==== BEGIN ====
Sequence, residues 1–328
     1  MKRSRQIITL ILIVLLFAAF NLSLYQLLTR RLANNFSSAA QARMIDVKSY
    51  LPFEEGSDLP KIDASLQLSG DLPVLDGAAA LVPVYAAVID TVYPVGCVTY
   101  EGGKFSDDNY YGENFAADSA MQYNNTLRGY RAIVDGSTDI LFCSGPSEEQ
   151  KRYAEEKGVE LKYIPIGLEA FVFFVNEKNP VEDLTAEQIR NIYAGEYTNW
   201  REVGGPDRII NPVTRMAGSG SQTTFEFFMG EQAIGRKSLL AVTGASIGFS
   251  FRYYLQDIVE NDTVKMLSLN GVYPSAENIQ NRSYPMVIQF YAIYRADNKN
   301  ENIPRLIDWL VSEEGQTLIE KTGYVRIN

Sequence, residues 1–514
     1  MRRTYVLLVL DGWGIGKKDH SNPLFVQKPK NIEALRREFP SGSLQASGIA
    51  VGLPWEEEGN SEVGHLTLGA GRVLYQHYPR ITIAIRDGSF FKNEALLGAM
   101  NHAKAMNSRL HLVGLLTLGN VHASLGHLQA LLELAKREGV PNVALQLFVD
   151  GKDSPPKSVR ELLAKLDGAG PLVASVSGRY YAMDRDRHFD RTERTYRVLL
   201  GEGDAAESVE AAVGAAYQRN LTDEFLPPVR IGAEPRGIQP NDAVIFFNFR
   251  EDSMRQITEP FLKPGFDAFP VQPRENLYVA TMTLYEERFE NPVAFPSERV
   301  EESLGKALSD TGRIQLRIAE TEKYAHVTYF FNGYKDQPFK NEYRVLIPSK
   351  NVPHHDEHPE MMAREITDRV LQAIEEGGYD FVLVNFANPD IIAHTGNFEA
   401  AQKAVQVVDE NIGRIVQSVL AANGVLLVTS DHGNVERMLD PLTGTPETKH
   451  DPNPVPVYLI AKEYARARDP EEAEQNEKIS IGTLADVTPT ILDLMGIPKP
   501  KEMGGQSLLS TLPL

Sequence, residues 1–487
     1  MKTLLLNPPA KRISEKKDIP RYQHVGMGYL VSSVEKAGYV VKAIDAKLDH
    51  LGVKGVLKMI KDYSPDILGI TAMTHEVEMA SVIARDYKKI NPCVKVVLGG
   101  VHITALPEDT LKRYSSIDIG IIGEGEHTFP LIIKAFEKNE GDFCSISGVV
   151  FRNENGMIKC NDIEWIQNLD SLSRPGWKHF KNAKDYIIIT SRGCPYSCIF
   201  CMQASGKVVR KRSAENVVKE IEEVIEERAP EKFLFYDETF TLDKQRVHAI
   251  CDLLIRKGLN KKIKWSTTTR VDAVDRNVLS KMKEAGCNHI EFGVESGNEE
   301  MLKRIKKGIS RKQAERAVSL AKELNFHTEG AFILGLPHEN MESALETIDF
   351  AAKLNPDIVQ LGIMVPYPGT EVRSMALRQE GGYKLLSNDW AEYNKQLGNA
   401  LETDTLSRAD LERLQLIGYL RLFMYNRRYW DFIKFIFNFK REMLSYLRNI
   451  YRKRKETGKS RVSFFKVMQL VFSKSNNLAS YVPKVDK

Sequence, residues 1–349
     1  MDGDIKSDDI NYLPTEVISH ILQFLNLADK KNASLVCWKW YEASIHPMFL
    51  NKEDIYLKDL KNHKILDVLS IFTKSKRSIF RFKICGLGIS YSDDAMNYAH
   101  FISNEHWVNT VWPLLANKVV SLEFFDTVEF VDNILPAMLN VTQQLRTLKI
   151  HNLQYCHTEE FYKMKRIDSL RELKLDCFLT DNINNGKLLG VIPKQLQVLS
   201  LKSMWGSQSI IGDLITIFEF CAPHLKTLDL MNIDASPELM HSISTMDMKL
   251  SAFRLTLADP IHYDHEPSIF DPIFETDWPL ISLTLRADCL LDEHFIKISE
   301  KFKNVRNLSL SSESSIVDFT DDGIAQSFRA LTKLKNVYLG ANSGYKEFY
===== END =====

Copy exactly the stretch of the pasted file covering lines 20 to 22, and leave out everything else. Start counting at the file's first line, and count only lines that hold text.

   501  KEMGGQSLLS TLPL

Sequence, residues 1–487
     1  MKTLLLNPPA KRISEKKDIP RYQHVGMGYL VSSVEKAGYV VKAIDAKLDH